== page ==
"The basic intention of clause 9 is to speed up and simplify processes in relation to the codes so that it is easier to keep them up to date in the face of an ever-increasing rate of legislative and procedural change. However, concerns have been expressed during debate in the Commons, as well as by the Home Affairs Select Committee . . . that the proposed changes are too far reaching and do not allow for sufficient consultation and parliamentary scrutiny".

So far so good. But the letter went on to say:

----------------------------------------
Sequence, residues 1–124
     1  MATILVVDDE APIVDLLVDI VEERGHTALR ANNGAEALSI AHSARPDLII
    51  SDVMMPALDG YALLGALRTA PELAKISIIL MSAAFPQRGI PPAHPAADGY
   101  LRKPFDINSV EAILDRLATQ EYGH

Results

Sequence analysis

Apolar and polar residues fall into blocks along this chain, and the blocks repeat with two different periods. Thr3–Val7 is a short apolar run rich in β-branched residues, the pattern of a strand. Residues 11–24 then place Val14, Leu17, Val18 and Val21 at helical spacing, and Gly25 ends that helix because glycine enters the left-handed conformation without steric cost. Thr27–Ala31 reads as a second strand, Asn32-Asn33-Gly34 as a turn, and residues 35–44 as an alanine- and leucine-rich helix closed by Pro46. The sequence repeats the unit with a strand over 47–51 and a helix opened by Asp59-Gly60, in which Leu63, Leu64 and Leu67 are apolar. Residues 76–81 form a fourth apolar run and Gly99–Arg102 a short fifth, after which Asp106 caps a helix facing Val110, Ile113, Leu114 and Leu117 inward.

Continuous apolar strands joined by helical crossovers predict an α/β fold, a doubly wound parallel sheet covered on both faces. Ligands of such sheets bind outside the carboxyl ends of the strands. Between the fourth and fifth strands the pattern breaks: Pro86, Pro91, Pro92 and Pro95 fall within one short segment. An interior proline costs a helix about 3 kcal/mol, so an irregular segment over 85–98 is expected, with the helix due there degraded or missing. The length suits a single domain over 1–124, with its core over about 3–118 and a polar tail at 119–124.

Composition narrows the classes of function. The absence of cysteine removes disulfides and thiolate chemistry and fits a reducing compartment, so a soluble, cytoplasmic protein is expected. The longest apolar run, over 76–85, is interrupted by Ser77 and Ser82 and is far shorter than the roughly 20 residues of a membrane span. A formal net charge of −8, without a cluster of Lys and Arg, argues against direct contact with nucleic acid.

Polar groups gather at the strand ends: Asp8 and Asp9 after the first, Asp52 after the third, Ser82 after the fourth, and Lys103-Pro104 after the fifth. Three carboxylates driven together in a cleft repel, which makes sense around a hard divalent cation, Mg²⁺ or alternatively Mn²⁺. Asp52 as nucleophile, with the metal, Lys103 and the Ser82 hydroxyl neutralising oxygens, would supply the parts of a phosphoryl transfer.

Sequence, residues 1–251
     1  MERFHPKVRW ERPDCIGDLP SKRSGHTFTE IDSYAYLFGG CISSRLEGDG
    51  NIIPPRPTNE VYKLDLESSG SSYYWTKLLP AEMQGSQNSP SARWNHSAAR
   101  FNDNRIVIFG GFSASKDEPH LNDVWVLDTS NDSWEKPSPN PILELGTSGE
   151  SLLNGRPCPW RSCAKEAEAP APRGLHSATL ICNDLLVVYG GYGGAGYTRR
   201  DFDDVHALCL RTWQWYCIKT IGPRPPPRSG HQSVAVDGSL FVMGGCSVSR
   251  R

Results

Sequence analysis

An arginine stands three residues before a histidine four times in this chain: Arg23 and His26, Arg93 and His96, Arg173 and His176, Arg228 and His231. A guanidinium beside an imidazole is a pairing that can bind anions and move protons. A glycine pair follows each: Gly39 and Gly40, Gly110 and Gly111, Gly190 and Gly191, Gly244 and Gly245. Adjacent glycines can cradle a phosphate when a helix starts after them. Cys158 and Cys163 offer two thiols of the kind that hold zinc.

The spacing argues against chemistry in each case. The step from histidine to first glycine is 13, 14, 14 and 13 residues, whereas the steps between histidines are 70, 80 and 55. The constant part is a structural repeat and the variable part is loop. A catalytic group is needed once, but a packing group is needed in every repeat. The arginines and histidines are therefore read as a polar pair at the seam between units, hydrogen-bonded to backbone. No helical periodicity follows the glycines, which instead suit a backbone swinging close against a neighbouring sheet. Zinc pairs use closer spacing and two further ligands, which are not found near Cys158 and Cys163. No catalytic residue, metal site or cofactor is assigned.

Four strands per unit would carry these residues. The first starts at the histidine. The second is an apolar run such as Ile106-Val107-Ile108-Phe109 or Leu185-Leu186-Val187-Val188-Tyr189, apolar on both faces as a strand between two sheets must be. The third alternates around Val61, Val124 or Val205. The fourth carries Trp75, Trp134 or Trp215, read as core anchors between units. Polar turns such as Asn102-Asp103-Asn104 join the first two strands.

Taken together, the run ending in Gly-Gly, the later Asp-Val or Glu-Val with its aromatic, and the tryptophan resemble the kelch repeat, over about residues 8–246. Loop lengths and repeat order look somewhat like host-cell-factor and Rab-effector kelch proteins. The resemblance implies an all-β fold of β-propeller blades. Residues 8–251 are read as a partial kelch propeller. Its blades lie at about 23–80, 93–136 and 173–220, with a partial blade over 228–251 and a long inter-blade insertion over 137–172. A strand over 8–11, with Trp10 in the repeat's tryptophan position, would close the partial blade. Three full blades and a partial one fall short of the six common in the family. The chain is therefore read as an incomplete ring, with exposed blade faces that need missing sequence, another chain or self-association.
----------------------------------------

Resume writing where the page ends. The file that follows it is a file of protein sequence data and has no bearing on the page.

"In the light of these objections we are now proposing to amend clause 9 so that any new codes will remain subject to the full affirmative resolution procedure in parliament as at present. In relation to proposed changes to the existing codes, our amendments would effectively allow the Home Secretary discretion to choose either the affirmative resolution procedure on a draft order or straightforward laying of a made order depending on his judgement about the level of scrutiny necessary in each particular case. However, in order to avoid allowing an inappropriate level of discretion to the Home Secretary, we would undertake in parliament during the passage of the Bill that he would agree to consult the HASC in every case and be bound by their views on which procedure to adopt in relation to each proposed change. This approach was trailed in debate at Commons Report stage and did not meet with any opposition".